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What You Didn't Know About Law And Order: SVU Titles

"Law & Order: SVU" is a show that's not afraid to throw in a few Easter eggs for the most hardcore of fans to catch. For instance, the show's 500th episode offered a special nod to Danny Pino's career and how he got his start on "Cold Case" on CBS. In another instance, fans spotted an unusual object on Amanda Rollins' (Kelli Giddish) desk in a Season 2 episode, namely a chipmunk in a glass case, which is a nod to the character having roots in Georgia (via Yahoo).

However, Easter eggs aren't few and far between on the procedural. In fact, if you look closely at the title of episodes, you'll come across a trend that was present from Seasons 13 through 17. Fans may recognize that as the arc where Warren Leight served as showrunner. It appears he wanted to keep a tradition alive during that time, and if you go back to watch those episodes, you'll want to pay close attention to the titles.

For a while, the episode titles had the same letters as the season number

You might not think too much of looking at an episode list for "Law & Order: SVU." The episodes all have fairly straightforward titles in the early seasons, like "Runaway" and "Repression." In fact, many of the early episodes merely have a single word as a title; nothing too fancy. But then something begins to happen once you get to Season 13. For several years after that point, the episode titles all have as many letters as the season they come from.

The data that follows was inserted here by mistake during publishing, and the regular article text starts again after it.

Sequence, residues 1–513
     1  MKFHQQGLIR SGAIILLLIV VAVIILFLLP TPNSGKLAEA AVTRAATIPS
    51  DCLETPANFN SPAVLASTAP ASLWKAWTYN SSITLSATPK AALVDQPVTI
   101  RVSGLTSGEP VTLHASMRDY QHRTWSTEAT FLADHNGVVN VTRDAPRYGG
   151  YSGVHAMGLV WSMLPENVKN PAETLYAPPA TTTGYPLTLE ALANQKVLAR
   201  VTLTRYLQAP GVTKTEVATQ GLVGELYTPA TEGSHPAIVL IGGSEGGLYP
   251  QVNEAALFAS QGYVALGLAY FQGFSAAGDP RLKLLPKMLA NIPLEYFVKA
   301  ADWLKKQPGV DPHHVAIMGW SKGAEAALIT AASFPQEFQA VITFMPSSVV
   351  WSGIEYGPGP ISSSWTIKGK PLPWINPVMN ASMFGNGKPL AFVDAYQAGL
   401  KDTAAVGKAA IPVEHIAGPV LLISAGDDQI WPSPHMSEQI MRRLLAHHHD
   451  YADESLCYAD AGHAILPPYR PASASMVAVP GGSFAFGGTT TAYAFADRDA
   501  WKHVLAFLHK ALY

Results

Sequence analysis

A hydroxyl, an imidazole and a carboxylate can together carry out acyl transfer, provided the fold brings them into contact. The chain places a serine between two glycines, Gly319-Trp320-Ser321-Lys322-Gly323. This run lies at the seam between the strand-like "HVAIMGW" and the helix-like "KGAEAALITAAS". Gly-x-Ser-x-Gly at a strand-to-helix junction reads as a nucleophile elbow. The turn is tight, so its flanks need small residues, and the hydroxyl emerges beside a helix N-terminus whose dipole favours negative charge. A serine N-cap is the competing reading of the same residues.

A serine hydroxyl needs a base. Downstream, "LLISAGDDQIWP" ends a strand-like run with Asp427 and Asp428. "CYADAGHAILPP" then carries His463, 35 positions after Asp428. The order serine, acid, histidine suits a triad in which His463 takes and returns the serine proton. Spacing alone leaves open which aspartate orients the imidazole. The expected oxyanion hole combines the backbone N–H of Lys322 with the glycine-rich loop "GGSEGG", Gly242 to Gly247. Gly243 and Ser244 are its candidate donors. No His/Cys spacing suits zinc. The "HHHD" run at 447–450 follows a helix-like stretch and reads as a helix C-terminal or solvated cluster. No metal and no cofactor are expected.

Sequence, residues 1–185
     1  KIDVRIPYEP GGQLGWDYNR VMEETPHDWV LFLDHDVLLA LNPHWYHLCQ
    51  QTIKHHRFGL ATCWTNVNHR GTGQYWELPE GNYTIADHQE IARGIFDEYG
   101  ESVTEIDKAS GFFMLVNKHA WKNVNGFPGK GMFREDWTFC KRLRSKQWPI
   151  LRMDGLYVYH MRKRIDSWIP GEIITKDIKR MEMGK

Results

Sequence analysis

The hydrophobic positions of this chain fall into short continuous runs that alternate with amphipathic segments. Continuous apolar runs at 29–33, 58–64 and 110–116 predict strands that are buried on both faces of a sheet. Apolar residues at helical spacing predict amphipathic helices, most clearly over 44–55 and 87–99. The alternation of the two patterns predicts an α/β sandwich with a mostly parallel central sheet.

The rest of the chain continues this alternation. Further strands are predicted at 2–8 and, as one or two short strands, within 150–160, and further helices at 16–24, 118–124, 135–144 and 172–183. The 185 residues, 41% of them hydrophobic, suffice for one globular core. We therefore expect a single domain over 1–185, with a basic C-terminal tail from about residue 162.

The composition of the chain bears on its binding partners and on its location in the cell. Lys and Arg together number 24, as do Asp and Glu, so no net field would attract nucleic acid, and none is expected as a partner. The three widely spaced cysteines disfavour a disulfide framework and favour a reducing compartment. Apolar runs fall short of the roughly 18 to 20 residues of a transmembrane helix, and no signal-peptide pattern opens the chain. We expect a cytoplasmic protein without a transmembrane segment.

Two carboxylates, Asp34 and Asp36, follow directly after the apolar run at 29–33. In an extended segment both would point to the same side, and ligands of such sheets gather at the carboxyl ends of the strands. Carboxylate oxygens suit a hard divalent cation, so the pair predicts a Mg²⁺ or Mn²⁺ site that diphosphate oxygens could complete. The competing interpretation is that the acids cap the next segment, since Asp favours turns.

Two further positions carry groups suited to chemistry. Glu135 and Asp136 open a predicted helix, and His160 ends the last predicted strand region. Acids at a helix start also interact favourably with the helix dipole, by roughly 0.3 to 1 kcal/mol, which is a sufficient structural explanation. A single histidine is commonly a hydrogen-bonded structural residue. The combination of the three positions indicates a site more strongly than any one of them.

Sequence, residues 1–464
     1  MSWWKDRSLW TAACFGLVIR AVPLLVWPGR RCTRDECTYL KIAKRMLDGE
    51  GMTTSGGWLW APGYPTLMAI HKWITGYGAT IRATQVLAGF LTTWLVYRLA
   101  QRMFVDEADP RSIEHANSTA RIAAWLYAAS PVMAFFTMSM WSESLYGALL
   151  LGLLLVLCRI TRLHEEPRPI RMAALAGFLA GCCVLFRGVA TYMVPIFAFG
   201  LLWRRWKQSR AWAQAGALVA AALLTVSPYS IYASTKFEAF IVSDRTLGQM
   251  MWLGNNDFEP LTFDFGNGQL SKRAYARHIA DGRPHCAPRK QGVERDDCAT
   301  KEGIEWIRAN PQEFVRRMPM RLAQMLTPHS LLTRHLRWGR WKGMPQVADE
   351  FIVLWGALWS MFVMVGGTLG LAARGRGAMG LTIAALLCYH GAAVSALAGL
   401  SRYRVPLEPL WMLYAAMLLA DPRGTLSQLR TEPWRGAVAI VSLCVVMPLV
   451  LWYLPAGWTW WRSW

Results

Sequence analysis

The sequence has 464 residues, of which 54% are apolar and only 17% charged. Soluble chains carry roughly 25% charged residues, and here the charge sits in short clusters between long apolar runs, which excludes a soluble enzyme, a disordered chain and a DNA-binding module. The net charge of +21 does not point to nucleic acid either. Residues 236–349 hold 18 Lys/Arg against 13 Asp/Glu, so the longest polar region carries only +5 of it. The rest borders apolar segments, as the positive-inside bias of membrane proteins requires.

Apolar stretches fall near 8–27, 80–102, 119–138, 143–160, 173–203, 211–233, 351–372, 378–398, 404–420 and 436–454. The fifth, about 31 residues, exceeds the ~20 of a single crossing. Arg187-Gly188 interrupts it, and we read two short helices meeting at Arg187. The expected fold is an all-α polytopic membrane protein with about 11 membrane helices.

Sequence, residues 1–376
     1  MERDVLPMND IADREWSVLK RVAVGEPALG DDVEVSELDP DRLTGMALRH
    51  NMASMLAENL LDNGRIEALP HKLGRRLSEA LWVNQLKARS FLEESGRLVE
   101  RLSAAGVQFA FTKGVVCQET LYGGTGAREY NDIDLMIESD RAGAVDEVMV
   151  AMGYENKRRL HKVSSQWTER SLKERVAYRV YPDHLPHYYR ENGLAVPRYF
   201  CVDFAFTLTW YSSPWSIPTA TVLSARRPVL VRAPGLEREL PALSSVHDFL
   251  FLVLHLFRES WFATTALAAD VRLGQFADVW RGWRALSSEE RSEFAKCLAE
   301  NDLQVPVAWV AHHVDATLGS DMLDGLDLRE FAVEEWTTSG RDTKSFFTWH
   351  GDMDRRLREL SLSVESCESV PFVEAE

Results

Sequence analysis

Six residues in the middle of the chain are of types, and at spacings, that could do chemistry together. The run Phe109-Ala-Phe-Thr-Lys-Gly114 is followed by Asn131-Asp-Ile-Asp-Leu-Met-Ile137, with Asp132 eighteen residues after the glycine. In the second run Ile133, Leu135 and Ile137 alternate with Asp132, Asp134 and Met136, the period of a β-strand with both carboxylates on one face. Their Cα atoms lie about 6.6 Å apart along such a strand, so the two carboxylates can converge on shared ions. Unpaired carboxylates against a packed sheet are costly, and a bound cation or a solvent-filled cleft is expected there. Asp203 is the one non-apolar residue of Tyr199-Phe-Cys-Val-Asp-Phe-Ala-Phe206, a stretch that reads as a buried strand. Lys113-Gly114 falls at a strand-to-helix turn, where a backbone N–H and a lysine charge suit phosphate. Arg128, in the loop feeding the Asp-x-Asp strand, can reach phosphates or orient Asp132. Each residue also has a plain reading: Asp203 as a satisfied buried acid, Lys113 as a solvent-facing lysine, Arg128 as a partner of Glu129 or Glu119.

For example, Season 13 has episode titles like "Scorched Earth," "Personal Fouls," and "Blood Brothers." If you count the number of letters in each of those phrases, you'll find they all have 13 letters, which is appropriate since they come from the 13th season. This trend continues for Seasons 14, 15, 16, and 17, but starting with Season 18, it falls off. At that point, you get episode titles like "Terrorized" and "Imposter," which noticeably don't have 18 letters each. 

However, showrunner Warren Leight returned for Season 21, and when he came back, the tradition resumed. You'll find episodes called "I'm Going to Make You a Star" and "The Darkest Journey Home," which all have 21 letters. Assuming it continues in that trajectory, "Law & Order: SVU" should keep on getting longer and longer titles. We'd be very curious to see what episodes are called once if the show ever gets into Season 30 territory.